Tag Archives: Interactive

Art au Naturel

1,700 people participated American artist Spencer Tunick’s adaptation of Richard Wagner’s “der ring des nibelungen”, or The Ring. The work, a live sculptural performance, was created for the commencement of Munich’s 2012 opera season. Naked volunteers were painted red or gold and continuously directed to move or be stationary to execute his vision. Tunick has been creating live, nude works since 1992, challenging the belief that nudity must always be sexual along with changing the way the public views and interacts with art in a public space. Pictures are below along with a video (skip to :21)!

The Ring was organized and photographed by Max-Joseph Platz and commissioned by the Bavarian State Opera. Pictures via here and here. You can view more of Tunick’s installations on his website.

Reach for the Clouds

“Lying down on a hill with your pupils filled with the endless blue sky, perspective of your eyesight suddenly gets distorted and clouds drift at the top of your nose. You stretch your arms up to the sky to touch the clouds but can’t reach. Another world right above your head, clouds. Today I visualize my colorful cloud of words right in front of your eyes. Touch the pink clouds drifting on a giant fabric screen, reminisce your favorite childhood clouds of dreams. I spent countless sleepless nights just to realize my unproductive and only romantic cloud of words. But, isn’t it nice if we could feel the clouds at our fingertips?”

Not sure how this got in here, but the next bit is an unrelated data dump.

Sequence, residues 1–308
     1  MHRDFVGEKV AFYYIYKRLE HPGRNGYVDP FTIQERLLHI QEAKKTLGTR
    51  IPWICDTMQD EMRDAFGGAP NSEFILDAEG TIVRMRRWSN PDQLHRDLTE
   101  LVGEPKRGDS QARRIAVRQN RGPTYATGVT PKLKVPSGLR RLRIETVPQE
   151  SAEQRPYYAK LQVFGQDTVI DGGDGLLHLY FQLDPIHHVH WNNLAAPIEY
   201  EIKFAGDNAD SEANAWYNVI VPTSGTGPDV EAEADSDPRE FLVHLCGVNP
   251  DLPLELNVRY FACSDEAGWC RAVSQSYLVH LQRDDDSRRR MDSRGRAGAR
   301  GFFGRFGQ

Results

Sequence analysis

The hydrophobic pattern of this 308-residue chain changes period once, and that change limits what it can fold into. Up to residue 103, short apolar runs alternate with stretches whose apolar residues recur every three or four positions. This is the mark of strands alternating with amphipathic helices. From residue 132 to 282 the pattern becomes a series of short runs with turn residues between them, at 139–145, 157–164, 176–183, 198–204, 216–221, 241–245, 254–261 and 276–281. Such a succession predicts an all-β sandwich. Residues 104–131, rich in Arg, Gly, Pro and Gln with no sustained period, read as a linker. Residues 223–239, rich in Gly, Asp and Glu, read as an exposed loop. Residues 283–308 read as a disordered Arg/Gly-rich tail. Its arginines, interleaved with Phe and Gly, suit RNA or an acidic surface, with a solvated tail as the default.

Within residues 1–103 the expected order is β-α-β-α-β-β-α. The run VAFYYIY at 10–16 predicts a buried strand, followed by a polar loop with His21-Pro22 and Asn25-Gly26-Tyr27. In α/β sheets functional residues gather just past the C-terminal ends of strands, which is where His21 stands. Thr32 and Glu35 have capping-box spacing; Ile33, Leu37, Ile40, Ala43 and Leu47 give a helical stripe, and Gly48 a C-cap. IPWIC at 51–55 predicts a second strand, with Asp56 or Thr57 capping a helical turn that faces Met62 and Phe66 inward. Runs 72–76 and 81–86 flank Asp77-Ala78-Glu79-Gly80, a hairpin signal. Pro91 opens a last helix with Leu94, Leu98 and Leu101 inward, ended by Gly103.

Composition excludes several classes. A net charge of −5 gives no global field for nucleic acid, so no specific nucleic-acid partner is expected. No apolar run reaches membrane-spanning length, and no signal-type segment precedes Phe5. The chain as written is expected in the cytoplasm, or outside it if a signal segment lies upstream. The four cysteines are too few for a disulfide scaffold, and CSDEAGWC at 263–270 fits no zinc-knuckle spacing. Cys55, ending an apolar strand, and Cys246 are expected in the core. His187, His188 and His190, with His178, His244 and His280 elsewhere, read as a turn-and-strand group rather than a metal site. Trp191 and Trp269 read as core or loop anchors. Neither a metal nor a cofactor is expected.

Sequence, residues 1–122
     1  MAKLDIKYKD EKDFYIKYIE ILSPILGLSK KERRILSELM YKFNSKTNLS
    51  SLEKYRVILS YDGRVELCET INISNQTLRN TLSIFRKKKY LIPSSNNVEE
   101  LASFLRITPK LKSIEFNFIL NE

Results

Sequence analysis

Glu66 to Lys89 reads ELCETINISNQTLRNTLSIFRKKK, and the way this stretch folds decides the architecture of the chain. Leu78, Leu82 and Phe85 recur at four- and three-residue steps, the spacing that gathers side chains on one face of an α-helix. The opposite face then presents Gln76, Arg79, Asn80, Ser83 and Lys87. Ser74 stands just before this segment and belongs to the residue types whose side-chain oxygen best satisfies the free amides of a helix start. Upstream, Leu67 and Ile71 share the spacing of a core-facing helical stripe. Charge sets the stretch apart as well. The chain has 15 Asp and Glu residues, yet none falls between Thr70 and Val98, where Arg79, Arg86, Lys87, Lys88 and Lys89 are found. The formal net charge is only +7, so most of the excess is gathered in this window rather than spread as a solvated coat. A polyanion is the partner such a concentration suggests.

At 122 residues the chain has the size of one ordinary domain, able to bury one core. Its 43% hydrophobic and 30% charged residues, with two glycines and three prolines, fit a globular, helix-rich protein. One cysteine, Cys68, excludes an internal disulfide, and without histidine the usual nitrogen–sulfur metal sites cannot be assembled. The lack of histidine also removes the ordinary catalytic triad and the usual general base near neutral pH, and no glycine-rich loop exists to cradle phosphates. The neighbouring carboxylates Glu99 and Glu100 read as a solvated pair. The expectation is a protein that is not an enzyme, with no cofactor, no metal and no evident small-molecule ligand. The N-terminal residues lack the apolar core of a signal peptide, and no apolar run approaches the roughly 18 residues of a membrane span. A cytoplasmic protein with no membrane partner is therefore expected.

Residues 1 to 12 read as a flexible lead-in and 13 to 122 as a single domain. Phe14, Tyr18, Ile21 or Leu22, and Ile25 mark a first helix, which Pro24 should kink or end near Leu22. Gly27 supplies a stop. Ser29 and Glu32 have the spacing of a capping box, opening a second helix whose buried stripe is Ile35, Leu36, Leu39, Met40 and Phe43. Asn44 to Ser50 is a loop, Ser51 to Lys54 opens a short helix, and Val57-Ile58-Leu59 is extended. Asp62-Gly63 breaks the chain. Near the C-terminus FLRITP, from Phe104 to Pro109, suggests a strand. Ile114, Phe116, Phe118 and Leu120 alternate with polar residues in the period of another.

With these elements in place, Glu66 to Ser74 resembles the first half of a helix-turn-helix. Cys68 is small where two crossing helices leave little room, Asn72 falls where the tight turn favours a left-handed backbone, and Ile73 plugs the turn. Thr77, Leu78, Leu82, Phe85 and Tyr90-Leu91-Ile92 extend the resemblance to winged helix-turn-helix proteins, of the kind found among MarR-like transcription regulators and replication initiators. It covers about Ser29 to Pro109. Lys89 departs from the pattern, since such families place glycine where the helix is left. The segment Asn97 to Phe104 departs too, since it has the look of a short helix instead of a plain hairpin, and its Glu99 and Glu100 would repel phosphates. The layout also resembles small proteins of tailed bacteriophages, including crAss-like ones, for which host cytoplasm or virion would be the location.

So begins Everyware’s description of their interactive installation, Cloud Pink. The installation, located in Seoul, was created by projecting an image onto a large, suspended fabric screen that responds to touch, allowing viewers to achieve a childhood (and current) dream: to touch the clouds. Everyware is a Korean computing group comprised of Hyunwoo Bang, assistant professor at Seoul National University, and Yunsil Heo, who has an MFA degree from UCLA. For all you tech geeks, Cloud Pink was produced using Processing, Kinects, GLSL, and projectors. Be sure to check out the videos below as well.

Photos/videos via Everyware’s website, here, and here.

Sensing Smiley

The Fühlometer, or Feel-O-Meter, was an interactive installation created by artists/designers Julius von Bismarck, Benjamin Maus, and Richard Wilhelmer to display the overall mood of a city. The Fuhlometer was comprised of a complex system which read the emotions on passerby’s faces (sad, indifferent, or happy), interpreted them, and visualized them, all in real-time.

Photos from Wilhelmer’s website and here.